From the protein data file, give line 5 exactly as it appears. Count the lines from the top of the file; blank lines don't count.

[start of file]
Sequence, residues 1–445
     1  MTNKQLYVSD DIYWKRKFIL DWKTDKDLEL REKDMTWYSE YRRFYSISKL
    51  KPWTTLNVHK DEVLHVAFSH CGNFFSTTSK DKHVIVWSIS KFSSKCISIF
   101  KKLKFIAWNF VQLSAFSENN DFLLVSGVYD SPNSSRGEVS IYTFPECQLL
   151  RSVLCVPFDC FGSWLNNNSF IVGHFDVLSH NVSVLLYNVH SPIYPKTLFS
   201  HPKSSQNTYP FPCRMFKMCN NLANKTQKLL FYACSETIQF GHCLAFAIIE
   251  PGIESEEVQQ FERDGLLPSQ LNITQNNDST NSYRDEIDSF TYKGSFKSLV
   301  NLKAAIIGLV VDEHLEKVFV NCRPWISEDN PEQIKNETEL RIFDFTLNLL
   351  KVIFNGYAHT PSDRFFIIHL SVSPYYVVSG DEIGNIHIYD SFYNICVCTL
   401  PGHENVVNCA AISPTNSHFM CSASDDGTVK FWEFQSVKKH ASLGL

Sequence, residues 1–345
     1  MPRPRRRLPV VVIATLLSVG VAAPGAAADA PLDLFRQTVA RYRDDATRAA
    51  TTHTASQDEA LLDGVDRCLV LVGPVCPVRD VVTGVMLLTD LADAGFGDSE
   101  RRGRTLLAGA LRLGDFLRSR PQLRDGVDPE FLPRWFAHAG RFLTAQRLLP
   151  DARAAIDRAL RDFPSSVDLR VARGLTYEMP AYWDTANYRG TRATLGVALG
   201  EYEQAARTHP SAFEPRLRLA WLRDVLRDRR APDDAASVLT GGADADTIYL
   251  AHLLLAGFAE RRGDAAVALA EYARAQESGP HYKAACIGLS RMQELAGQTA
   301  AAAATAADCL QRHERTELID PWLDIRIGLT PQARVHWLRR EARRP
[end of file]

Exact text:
   151  RSVLCVPFDC FGSWLNNNSF IVGHFDVLSH NVSVLLYNVH SPIYPKTLFS